Here, the trial court entirely foreclosed the possibility that defendant could establish witness bias stemming from knowledge of the 2008 case. Defendant offered the evidence based, in part, on a theory that various state witnesses, members of A's family, were either directly or indi-rectly biased against him because they were aware that he had been accused of sexual abuse against a child in the past. Even though he had been acquitted, defendant believed that he was “tarred and feathered” by those past accusations. As discussed above, defendant adequately explained that theory to the court. In doing so, defendant raised the issue that A's family believed that defendant had escaped conviction for his past sexual abuse. From that, a jury could infer that the observations and testimony of A's family could be influenced by their desire to see defendant convicted in this case. See State v. Tyon, 226 Or App 428, 441, 204 P3d 106 (2009) (“[Officer] Morehead's belief that defendant had been guilty of DUII and his knowledge that he had escaped conviction could have allowed the jury to infer that Morehead's observations and testimony would be colored by his desire to ensure defendant's conviction in this case.”). Put differently, the excluded evidence had at least a “mere tendency to show bias.” See Hubbard, 297 Or at 796.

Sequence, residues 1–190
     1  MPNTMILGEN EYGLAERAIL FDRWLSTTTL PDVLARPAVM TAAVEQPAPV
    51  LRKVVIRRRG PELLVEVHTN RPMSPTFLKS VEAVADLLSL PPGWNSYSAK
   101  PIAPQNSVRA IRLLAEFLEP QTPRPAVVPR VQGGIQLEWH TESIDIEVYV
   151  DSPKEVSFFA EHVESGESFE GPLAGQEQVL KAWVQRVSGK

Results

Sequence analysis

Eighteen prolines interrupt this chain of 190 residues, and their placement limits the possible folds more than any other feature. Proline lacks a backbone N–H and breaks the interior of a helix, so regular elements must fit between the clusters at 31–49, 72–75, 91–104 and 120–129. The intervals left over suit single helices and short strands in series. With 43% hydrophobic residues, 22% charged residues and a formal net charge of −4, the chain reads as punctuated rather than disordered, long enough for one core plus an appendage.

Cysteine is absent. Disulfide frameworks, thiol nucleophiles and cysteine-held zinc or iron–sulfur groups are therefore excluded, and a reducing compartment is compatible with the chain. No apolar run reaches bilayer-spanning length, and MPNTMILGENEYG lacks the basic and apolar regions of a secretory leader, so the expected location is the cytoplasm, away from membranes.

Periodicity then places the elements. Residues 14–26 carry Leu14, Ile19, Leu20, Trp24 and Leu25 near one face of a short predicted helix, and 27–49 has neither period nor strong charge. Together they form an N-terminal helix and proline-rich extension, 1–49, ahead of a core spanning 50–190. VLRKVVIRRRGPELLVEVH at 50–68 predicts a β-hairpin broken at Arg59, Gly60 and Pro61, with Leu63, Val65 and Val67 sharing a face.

In sum, the trial court prevented defendant from making even an initial showing of bias. The court's explanation that it found that the evidence of the 2008 case was “collateral, *** confusing, [and] really a side issue” is unavailing because, when considering evidence of bias, the court's discretionary authority under OEC 403 only applies once the proponent of the evidence has first had the chance to “present[ ] sufficient facts from which the factfinder may infer bias.” Muldrew, 229 Or App at 227 (citing Hubbard, 297 Or at 800). The court did not give defendant that chance in this case. Accordingly, we conclude that the court committed legal error.
C. Harmless Error
Having concluded that the trial court erred in excluding evidence of the 2008 case to establish witness bias, we turn to whether that error prejudiced defendant. Our task when assessing the harmfulness of a trial court's error is to determine whether the “particular issue to which the error pertains has a relationship to the jury's determination of its verdict, and, if so, the likelihood that the error affected the verdict.” Tyon, 226 Or App at 442 (citing State v. Davis, 336 Or 19, 32, 77 P3d 1111 (2003)). An erroneous decision to exclude evidence relevant to bias “is reversible if it denies the jury an adequate opportunity to assess the credibility of a witness whose credibility is important to the outcome of the trial.” Hubbard, 297 Or at 800.